It's definitely not the government of low wage workers, renters, or anybody who sits on the margins of our society. The priorities of the incoming government should be dealing with the dual crises of inequality and the climate crisis.

But instead, what we have with those two agreements is a grab bag of 200-plus-odd random policies that come across more as hot takes from your uncle at Christmas. It's not a vision for the future that New Zealanders deserve. I just can't see how we're gonna get anywhere near the issues that really matter.
Swarbrick also succinctly described the reality of this hodgepodge government: "It's a pair of scissors, it's not a vision for the future of this country.”

This is going to a long—well, however long this government ends up surviving before it implodes or is turfed out.

Keyboard error, here and gone

Typing on a device isn’t easy for a lot of us digital immigrants: Unlike those who grew up with smart devices (phones and tablets), some of us have a bit of trouble or awkwardness using the virtual keyboards on those devices. Sometimes, the device manufacturer can make matters worse. That happened to me, until one day it was gone.

I’ve used the “New Zealand English” keyboard on my iPhone and iPad for many years now, chiefly so I can get the macrons used in most versions of written Māori (for example, in the word "Māori" the “a” has a macron). I pretty obviously like to try to type Māori words correctly, and those keyboards made that possible.

As a bonus, those same keyboards allowed all sorts of other character modifiers used in various European languages, such as, umlauts in German (like in the word “grün”, which means green in English). I have the same sort of commitment to try to to type vowels correctly in all the non-English European languages I use from time to time (in non-English European languages, it’s most likely to be for a proper name).

After some upgrade or other, I noticed that the “New Zealand English” keyboard on my iPad no longer had anything but regular letters and macrons—there were no other character modifiers. I noticed this because I was leaving a Facebook comment and needed an umlaut (for a name), only to discover they were gone.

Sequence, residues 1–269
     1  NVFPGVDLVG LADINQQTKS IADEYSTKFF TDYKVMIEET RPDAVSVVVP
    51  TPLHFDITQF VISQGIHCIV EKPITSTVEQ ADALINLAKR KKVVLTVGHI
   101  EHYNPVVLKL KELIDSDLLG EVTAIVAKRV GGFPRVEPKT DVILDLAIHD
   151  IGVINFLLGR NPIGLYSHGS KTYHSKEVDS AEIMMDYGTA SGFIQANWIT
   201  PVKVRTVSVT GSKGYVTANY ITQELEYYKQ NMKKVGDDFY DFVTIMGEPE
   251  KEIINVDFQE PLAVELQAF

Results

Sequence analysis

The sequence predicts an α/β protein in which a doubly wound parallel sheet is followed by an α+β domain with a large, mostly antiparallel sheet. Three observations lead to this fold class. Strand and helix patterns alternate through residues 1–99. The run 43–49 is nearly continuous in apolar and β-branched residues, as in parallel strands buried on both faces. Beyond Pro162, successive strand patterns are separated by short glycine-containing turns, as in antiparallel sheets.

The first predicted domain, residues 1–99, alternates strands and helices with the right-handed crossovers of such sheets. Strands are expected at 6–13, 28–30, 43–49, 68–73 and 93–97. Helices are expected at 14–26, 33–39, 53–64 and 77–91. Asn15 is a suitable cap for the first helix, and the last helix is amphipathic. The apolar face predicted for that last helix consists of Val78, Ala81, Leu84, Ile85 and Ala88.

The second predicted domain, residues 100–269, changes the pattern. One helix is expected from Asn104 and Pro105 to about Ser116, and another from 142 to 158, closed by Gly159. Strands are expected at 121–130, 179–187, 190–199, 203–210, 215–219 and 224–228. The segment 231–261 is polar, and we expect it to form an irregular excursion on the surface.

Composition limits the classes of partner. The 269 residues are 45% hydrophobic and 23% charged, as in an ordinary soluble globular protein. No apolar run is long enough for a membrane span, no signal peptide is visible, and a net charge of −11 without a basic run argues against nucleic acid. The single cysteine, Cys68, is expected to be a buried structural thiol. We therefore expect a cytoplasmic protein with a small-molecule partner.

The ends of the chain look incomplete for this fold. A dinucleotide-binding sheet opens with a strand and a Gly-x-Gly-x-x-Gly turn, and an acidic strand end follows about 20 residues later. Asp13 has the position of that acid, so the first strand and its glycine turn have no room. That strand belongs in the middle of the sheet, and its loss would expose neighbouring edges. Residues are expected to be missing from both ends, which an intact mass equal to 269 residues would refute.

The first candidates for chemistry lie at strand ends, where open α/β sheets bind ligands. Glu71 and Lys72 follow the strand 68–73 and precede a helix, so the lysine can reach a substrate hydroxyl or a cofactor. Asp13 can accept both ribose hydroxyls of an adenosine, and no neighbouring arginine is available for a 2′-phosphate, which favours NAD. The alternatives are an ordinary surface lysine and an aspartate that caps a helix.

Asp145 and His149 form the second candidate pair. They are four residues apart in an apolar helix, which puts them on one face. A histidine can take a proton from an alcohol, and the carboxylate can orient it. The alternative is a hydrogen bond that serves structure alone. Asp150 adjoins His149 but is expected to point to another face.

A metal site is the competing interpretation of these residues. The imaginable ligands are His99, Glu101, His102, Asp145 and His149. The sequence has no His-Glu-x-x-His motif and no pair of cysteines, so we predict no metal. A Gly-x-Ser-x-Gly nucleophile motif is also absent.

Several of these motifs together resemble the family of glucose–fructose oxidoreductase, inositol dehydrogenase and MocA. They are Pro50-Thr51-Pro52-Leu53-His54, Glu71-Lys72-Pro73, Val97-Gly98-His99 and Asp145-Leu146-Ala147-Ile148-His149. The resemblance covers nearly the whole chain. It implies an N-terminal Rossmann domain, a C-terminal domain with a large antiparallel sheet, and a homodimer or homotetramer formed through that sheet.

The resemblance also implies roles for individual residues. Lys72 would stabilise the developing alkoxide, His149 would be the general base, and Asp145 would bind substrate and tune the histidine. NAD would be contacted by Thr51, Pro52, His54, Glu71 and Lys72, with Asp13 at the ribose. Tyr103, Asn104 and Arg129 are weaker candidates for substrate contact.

After some fruitless research, I ended up adding a German keyboard to my iPad, which gave me umlauts again. Unfortunately, that added new problems and frustrations.

In the screenshot avive, the NZ English keyboard is at top, and the German version is below. I toggled between the keyboards by tapping the globe symbol in the bottom row (second key from the left edge). However, that was also how I accessed emojis, something I use a lot in Facebook comments, private messages, texts, etc. It turns out that it was easy to accidentally switch to German and then be faced with a different keyboard layout (apparently called QWERTZ instead of the English QWERTY, and for the same reason). Sometimes I wasn’t even aware I’d accidentally bumped the globe key, so intent was I on what I was writing. Sometimes I also got into a weird loop trying to get an emoji or back to English. I was exasperated enough that I decided to (eventually) delete the German keyboard.

Then, everything changed.

Apple released another update to the operating system for my iPad, and I—eventually—noticed that the New Zealand English keyboard once again had all the special characters that had been missing. I then deleted the German keyboard, and my switching between letters and emojis was once again a peaceful endeavour.

The not noticing thing is a repeating reality, so I don’t know if my iPhone keyboard was similarly afflicted, though I presume it was. I generally only use that keyboard for texting because it’s so small and my fingers aren’t. I also never installed the German keyboard in my phone because I rarely, if ever, needed anything beyond macrons.

The story is even more complicated on my desktop Mac, and another reason I didn’t notice the difference on the iPad.